“The previous robot didn't use the same steering actuator. For the Tom V3 we sourced a steering actuator from a third-party, but it was heavy and we had a number of issues with it. So when we came to design Tom V4, we decided to take the steering actuator in house, design the whole steering actuator ourselves including the cap, which meant we could reduce the BOM cost, improve the design and reduce the robot weight.”
Protolabs comes on board
The team at Small Robot Company decided quite early on that they’d need to 3D print the cap as there was a strict weight budget for the robot, for two reasons. Firstly, they needed to minimise the entire system weight so that ground pressure was reduced meaning less damage to crops and top soil compaction when the robot is driving through fields; secondly, the core driving platform is designed to support a wide range of payloads, so keeping the platform weight low means more options – essentially allowing a larger weight budget for payloads.
Rhian explains, “We were in our alpha system design a couple of years ago when we were building the first prototype of the driving platform. We knew that Protolabs offered 3D printing services, but we weren't really selecting them as a prototyping supplier – instead we selected them as a production supplier, due to the relatively low numbers needed but also the fact that Protolabs’ additive technologies can create end-use parts.
“We’d used their quoting platform in the past and we’d had success with that in support of our development procedure. We really like that feature. The Protolabs quoting platform is always really quick and we also get manufacturing feedback from them. The system automatically details any issues which means that we can address those issues before anything goes out for manufacture. That's really handy and it's so easy to upload a file. Also, Protolabs’ 3D printing service usually has a quick turnaround time and sometimes that’s vital when it’s a matter of urgency. It was a no-brainer to partner with Protolabs.”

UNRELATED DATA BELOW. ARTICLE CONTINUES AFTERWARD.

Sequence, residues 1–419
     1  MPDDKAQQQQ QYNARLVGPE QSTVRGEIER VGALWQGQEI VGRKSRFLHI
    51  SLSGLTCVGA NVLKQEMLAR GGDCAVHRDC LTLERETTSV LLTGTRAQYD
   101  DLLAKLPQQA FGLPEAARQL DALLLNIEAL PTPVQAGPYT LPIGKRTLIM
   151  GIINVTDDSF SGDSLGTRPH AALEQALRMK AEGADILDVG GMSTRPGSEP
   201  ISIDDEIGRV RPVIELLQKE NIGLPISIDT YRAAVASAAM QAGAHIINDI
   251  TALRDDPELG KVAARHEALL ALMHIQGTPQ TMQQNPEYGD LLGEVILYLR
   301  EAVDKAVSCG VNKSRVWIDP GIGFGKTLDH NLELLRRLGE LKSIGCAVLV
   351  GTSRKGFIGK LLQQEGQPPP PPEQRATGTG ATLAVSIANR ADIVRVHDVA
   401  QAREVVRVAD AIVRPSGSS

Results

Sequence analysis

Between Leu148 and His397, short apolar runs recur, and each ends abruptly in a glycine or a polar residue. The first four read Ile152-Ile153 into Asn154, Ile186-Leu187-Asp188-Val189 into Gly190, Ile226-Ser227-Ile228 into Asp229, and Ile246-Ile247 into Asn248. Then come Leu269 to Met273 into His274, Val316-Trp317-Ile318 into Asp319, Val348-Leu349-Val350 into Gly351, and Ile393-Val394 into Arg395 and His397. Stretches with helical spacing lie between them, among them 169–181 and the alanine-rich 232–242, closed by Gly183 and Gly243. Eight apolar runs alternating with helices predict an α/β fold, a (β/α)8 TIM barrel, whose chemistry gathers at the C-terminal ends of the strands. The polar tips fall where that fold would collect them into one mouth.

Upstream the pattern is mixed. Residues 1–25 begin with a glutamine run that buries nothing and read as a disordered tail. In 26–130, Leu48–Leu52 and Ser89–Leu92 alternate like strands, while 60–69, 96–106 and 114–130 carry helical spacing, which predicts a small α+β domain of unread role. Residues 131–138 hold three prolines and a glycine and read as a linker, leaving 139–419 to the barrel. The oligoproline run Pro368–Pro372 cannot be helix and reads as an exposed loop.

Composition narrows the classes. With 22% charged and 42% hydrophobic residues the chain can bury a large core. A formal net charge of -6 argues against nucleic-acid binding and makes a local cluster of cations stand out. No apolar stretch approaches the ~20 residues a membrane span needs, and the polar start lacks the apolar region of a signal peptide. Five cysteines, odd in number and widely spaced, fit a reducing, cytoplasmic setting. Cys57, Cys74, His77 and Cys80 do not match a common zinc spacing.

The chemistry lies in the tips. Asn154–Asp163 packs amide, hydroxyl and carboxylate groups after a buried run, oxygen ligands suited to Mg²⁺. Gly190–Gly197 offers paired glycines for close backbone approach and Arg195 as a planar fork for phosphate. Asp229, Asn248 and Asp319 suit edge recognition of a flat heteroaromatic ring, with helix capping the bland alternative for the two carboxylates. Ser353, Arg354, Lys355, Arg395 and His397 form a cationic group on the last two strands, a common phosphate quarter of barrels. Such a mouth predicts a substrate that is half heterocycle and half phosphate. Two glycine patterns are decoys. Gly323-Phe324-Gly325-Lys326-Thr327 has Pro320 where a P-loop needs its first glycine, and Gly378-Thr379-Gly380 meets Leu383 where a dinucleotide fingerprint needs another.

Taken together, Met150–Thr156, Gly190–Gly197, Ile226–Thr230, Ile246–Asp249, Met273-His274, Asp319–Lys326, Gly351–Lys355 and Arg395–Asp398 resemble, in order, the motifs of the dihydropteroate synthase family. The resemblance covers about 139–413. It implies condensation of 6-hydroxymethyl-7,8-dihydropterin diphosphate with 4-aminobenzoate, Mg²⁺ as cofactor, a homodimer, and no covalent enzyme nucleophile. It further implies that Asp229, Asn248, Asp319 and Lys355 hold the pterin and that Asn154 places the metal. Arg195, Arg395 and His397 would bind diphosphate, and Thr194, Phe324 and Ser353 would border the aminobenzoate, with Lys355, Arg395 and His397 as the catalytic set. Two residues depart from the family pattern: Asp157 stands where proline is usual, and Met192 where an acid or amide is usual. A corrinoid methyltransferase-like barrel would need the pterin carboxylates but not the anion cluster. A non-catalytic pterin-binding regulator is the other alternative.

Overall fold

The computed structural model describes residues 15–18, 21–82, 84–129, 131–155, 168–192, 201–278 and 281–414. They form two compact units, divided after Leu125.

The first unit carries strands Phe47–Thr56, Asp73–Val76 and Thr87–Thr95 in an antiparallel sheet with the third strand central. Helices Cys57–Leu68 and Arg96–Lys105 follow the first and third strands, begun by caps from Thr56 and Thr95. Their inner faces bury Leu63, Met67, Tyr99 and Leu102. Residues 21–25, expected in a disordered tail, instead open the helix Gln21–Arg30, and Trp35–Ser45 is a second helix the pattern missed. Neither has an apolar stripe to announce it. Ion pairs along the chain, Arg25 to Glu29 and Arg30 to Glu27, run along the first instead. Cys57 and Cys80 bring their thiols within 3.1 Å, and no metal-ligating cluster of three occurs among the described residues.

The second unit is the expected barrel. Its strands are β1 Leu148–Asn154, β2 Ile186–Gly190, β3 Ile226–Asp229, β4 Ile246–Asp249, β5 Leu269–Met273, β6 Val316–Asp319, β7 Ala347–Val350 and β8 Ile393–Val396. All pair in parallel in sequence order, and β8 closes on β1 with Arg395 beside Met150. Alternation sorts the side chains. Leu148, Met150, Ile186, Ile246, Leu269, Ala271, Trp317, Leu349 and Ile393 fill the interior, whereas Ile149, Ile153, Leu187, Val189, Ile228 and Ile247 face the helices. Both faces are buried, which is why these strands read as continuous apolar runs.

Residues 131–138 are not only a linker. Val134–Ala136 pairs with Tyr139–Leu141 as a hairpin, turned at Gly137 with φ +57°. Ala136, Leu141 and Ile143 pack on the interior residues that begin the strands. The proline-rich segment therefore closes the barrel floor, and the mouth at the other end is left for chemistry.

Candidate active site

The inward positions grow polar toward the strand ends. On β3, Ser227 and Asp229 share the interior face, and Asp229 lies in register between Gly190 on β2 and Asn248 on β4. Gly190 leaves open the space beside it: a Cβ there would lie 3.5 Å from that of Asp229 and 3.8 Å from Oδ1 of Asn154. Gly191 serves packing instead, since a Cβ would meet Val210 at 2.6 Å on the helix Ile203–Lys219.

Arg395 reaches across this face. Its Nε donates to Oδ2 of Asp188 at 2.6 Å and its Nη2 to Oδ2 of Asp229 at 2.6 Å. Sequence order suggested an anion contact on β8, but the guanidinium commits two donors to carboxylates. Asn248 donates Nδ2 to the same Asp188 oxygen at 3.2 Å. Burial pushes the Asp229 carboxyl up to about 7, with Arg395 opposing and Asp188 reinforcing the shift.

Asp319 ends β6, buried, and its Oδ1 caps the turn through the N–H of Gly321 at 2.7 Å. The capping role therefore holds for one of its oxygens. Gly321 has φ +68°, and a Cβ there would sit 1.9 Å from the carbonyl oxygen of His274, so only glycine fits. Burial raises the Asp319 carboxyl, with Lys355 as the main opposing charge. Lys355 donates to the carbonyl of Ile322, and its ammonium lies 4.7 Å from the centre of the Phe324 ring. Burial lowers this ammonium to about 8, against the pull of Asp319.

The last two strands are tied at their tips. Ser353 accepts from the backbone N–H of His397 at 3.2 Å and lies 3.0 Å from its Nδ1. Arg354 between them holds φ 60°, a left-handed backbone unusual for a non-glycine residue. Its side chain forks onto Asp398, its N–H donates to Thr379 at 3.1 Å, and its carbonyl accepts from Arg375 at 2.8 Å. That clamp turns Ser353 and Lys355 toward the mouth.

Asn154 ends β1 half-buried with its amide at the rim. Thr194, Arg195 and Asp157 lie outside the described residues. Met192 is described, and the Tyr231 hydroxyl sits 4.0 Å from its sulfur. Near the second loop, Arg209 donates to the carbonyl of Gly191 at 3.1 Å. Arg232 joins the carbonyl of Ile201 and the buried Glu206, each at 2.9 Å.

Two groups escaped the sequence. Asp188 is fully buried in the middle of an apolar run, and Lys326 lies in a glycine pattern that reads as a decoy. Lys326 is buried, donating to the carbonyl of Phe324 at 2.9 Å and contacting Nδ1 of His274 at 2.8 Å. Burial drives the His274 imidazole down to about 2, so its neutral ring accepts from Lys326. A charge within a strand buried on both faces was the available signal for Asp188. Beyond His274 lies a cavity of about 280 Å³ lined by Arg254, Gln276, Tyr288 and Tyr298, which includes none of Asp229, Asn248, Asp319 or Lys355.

Following the initial upload of the early cap iteration, the team at Small Robot Company were struggling to have the wire channel clear from the build material. Also, when attempting to put together the component parts of the steering actuator and put the wires through the channel, this caused assembly problems that clearly needed addressing. But with design feedback and advice from Protolabs, the model was changed making the assembly process easier.
In terms of aesthetics, Protolabs worked hard to also deliver a satisfactory result for Small Robot Company.
“We’ve had a very positive experience with Protolabs where we received some of our caps and they hadn't come to us as black as we’d hoped. We ordered them in a PA12 material, which Protolabs advised has a dark grey appearance – not something we felt was quite right for the part – but we wanted to see the result to decide a path forward. On initial receipt of the parts, the colour advice was indeed correct, but Protolabs were very happy to take them back and post-process them with a further spray of black paint. Ultimately, we had the parts back a short time later, so we were in possession of the parts we wanted – in terms of both functionality and aesthetics.”
Multi Jet Fusion – a 3D printing process for rapid prototyping and end-use parts
The cap for the steering actuator was produced by Protolabs’ Multi Jet Fusion (MJF) process. MJF selectively applies fusing and detailing agents across a bed of nylon powder, which are fused in thousands of layers by heating elements into a solid functional component. Final parts exhibit quality surface finishes, fine feature resolution, and more consistent mechanical properties when compared to processes like selective laser sintering.
Common applications for MJF are parts requiring consistent isotropic mechanical properties, functional prototypes and end-use parts with complex or organic geometries.
The fourth agricultural revolution
The fourth agricultural revolution is characterised by the anticipated changes brought about by artificial intelligence and autonomous robots. The overwhelming feedback from farmers is that farming is not working: yields are stagnating, machinery costs are rising, and profit is suffering. The world is also facing an environmental crisis, with heavy machinery and chemical use playing a key part. Small Robot Company is reimagining farming to make food production sustainable. Using robotics and artificial intelligence, they have created an entirely new model for ecologically harmonious, efficient and profitable farming. They call this Per Plant farming and it is representative of the revolution we’re currently seeing across agriculture.
The future of Tom V4
Rhian concludes: “Our biggest focus at the moment is actually on cost reduction and engineering tasks now. We're hoping to refine the design so that we can pass these efficiencies on to our customers. But whether for revisions of existing robots or the development of later generations of robots, we look forward to working with Protolabs to receive their support in the product development phase as well as in production.”